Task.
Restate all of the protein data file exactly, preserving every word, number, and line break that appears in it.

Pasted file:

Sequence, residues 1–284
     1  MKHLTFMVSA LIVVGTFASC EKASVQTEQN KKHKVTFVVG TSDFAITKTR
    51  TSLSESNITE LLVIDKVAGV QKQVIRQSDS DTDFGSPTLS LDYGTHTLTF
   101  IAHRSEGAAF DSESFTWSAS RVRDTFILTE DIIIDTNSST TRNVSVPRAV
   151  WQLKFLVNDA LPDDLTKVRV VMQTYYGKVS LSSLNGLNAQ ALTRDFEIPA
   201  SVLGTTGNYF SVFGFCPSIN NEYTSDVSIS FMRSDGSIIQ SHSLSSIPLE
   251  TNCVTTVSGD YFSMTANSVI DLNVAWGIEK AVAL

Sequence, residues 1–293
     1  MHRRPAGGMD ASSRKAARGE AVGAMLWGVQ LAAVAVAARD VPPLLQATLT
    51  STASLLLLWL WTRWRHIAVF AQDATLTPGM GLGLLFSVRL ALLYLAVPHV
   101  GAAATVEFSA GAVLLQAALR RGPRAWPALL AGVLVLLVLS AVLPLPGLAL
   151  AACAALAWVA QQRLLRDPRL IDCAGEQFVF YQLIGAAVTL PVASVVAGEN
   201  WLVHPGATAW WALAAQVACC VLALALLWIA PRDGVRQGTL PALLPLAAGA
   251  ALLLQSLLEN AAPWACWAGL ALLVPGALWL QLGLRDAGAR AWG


Sequence, residues 1–284
     1  MKHLTFMVSA LIVVGTFASC EKASVQTEQN KKHKVTFVVG TSDFAITKTR
    51  TSLSESNITE LLVIDKVAGV QKQVIRQSDS DTDFGSPTLS LDYGTHTLTF
   101  IAHRSEGAAF DSESFTWSAS RVRDTFILTE DIIIDTNSST TRNVSVPRAV
   151  WQLKFLVNDA LPDDLTKVRV VMQTYYGKVS LSSLNGLNAQ ALTRDFEIPA
   201  SVLGTTGNYF SVFGFCPSIN NEYTSDVSIS FMRSDGSIIQ SHSLSSIPLE
   251  TNCVTTVSGD YFSMTANSVI DLNVAWGIEK AVAL

Sequence, residues 1–293
     1  MHRRPAGGMD ASSRKAARGE AVGAMLWGVQ LAAVAVAARD VPPLLQATLT
    51  STASLLLLWL WTRWRHIAVF AQDATLTPGM GLGLLFSVRL ALLYLAVPHV
   101  GAAATVEFSA GAVLLQAALR RGPRAWPALL AGVLVLLVLS AVLPLPGLAL
   151  AACAALAWVA QQRLLRDPRL IDCAGEQFVF YQLIGAAVTL PVASVVAGEN
   201  WLVHPGATAW WALAAQVACC VLALALLWIA PRDGVRQGTL PALLPLAAGA
   251  ALLLQSLLEN AAPWACWAGL ALLVPGALWL QLGLRDAGAR AWG